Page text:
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To Be This Good Takes AGES

Hayes, Dunn and Heaton talk UK success, incubating Aliens and measuring the bottom line

SEGA-owned UK studio The Creative Assembly, best known for the Total War strategy games, last week announced plans to open a new 10,000 square foot studio and expand its head count from 160 to 200 as it embarked on a 'triple-A' new game based on the Alien IP. UK culture minister Ed Vaizey was in attendance to commemorate the announcement, as was president and CEO of SEGA Europe and SEGA of America Mike Hayes

Here, talks to Hayes, Creative Assembly studio head Tim Heaton and SEGA Europe senior VP of production Gary Dunn about the firms' plans for the new IP, whether it's still possible to launch a big game without a big brand, the UK games industry's links with government and why doom and gloom stories about the industry may be misplaced. What's the importance of Mr Vaizey visiting for you guys? Is it more a show of faith or direct discussion about how the government can help UK devs?
Tim Heaton

I think it's a show of faith - a senior politician, and clearly someone who is an evangelist for games within government. So it's great to see him, and we did talk about some pertinent issues, so it's good to get on the radar with those. And also to celebrate a successful company at a time when, if you went by the headlines, certainly you would be very, very depressed about the games industry within the UK. There are some real positive spots for sure. Did you feel that you had, through him, a direct line to the government itself, and the treasury?
Tim Heaton

I don't know how much influence he has, and I don't know how much influence we could ever look for...

Mike Hayes

But it's stage by stage, I mean if you go back years there were governments who weren't even interested, so the fact that a senior minister is here, taking it seriously, listening to us, he's got great relationships with Ian Livingstone and other members of the industry... How much further can we go? So I think it's a good start and great relationship - and a government that seems to be interested in the creative industry. That's good progress actually, and he certainly gets the business, which is enormously helpful for us.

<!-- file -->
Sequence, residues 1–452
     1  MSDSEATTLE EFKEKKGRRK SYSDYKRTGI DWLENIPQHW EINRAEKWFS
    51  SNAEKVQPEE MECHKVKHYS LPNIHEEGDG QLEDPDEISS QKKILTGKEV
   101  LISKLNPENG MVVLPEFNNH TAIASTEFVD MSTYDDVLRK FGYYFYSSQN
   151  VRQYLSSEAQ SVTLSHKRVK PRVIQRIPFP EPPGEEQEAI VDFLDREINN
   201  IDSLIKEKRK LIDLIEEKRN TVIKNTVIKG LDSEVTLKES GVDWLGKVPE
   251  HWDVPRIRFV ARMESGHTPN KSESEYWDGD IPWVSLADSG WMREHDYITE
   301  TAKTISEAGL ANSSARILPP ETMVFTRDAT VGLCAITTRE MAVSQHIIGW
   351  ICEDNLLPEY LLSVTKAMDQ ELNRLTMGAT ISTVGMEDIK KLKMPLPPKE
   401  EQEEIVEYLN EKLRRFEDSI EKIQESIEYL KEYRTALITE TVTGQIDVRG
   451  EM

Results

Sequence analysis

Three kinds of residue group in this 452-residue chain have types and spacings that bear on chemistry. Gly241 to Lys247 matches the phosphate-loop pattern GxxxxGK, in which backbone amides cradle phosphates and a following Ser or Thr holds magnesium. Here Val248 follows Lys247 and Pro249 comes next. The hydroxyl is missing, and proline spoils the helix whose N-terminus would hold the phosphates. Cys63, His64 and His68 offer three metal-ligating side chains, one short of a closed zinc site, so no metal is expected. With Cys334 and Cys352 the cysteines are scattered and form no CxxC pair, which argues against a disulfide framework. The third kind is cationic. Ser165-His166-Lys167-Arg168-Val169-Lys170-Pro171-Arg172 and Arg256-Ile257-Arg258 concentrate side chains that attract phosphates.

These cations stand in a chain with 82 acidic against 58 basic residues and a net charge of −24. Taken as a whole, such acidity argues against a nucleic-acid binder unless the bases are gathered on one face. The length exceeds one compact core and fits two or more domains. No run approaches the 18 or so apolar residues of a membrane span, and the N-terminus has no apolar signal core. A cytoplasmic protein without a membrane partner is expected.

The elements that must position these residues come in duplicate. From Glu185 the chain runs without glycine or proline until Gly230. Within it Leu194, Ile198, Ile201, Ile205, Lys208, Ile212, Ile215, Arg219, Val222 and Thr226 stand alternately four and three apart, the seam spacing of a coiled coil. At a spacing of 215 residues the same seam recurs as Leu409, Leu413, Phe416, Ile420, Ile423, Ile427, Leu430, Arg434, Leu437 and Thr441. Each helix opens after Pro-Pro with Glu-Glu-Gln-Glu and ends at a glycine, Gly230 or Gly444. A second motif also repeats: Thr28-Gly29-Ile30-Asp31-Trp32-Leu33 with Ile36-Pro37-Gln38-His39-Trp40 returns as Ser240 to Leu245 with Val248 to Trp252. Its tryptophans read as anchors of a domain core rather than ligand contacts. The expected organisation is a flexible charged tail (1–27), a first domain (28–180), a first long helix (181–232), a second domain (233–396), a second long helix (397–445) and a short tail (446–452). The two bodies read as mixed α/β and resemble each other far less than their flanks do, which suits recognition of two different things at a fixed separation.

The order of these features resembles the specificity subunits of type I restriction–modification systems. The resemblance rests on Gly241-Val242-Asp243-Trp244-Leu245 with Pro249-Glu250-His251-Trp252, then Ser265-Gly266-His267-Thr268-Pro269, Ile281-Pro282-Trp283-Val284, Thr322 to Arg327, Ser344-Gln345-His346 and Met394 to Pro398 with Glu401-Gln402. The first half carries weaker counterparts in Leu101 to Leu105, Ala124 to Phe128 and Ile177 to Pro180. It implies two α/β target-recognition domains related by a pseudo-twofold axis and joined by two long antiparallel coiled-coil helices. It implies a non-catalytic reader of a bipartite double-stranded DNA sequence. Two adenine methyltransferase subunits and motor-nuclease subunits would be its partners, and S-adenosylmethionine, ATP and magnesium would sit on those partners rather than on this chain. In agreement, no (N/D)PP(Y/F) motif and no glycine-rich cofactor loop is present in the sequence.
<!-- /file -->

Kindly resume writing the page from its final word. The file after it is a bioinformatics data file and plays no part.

We know a lot of guys there already, and so we certainly will make some recruits from that [Black Rock] team

Tim Heaton, SEGA
GamesIndustry.bizOutside of yourselves, how are you feeling about the UK games industry?
Tim Heaton

It could be perceived as doom and gloom, and there are some high profile problems, but there are people doing really well too. We saw the unfortunate Black Rock situation, and we've been to Brighton this week to go and talk to some of the staff, and there are other developers queuing up to see them because they're very well-regarded at Black Rock. Jagex and Codies and whoever are all around that, looking for staff. Where we are now is that the people who've survived, the stronger developers, are looking for hugely experienced, top-quality staff - they are hugely in demand at the moment.

GamesIndustry.bizCA must be pretty appealing to the Black Rock guys - you're only 40 minutes away...
Tim Heaton

Absolutely. And it's a small industry - we know a lot of guys there already, and so we certainly will make some recruits from that team. Nearly half [the CA] staff live in Brighton actually, so the games community there is pretty tight, and we're in this sort of triangle with London, Guildford and Brighton with Horsham almost in the middle of that. So we pretty much know what's going on all the time, and who we really would like to be employing if we possibly can.

Alec Meer avatar
Alec Meer: A 10-year veteran of scribbling about video games, Alec primarily writes for Rock, Paper, Shotgun, but given any opportunity he will escape his keyboard and mouse ghetto to write about any and all formats.
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